unable to pay back a $4 million loan from Burger King.  When the fast food
 chain tried to collect, Hawkins sued, claiming racial discrimination and when
 a judge threw out the lawsuit, Sharpton came in, threatening to stage sit-ins
 on Hawkins' behalf.
     Investigative Correspondent Mark Hosenball and Assistant Managing Editor
 Evan Thomas report that Jackson himself wrote Sharpton, urging him to back
 off, explaining that he had been working with Burger King for almost 20 years
 and that black owners of their franchises would be harmed by the boycott.  A
 Burger King spokeswoman says that during that same period, the company made
 donations totaling "less than $500,000" to Jackson's empire.
     Sharpton says he was taken aback by Jackson's intervention.  "It is very
 difficult for me -- trained by Jesse Jackson to confront the corporate world
 -- to now go in those same corporate suites, and they use the guy that taught
 me as their protection," he said.  Sharpton, who says his organization "won't
 take donations from companies we fight," denies "suggesting anything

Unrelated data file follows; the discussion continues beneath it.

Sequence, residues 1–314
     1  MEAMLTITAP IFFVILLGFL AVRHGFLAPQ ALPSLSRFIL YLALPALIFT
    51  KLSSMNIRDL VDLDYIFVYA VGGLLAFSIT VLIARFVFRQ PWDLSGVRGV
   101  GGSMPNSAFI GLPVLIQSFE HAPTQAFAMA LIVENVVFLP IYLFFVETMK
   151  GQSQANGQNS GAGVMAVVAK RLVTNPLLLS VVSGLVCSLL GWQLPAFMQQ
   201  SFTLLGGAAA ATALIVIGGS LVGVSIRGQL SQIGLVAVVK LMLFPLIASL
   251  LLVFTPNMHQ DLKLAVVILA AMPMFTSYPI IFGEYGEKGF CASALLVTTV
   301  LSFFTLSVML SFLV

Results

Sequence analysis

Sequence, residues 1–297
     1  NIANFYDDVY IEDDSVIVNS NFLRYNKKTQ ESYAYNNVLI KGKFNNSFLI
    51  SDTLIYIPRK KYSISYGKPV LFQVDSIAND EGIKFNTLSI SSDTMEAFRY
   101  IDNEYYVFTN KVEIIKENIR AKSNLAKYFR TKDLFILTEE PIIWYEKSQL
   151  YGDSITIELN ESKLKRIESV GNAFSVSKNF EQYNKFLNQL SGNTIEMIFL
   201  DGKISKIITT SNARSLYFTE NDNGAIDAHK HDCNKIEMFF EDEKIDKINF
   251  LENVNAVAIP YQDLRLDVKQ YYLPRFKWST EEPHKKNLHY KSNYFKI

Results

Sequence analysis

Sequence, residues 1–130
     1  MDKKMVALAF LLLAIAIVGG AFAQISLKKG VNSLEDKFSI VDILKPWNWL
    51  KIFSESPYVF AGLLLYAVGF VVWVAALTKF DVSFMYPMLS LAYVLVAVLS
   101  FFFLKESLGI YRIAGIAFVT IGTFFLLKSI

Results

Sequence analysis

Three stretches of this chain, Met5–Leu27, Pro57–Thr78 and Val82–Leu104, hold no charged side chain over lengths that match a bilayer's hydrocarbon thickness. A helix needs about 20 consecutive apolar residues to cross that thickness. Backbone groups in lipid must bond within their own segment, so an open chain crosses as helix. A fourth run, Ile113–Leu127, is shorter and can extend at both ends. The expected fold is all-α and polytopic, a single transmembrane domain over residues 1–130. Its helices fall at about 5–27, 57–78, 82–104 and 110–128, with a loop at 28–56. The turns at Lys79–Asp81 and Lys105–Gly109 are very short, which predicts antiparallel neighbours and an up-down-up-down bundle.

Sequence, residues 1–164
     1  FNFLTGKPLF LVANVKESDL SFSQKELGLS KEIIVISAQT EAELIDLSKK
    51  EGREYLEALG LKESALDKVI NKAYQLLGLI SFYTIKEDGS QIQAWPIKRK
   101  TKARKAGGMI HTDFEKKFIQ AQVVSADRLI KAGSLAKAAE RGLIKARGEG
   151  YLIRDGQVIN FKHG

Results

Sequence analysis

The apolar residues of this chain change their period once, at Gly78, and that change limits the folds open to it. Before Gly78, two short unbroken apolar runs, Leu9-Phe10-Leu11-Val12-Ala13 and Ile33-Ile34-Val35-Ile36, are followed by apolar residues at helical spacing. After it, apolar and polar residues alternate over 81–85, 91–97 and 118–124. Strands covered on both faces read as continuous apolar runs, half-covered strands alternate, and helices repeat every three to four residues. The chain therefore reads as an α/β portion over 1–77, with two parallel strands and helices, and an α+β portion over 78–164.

scandalous" about Jackson, but Hosenball and Thomas write that he "clearly
 wished to leave the impression that Jackson is more interested in serving
 himself and his friends."
     The dispute between Hawkins and Burger King was quietly settled last
 December with a $57 million payment to Hawkins, a knowledgeable source says.
 Sharpton halted his protest, and a source close to Jackson claims that right
 after the settlement, Sharpton called Burger King to solicit a donation for
 his organization, The Madison Avenue Initiative.  Sharpton denies receiving
 any money from the burger chain and the company spokeswoman says there is no
 record of any payment to Sharpton or his organization.  And while Sharpton
 acknowledges that Hawkins is a long-time contributor to his causes, neither he
 nor a lawyer for Hawkins would be more specific about the amount of the
 donations.
 
                         Read Newsweek's news releases
             At http://www.Newsweek.MSNBC.com. Click "Pressroom.")
 
 
 SOURCE  Newsweek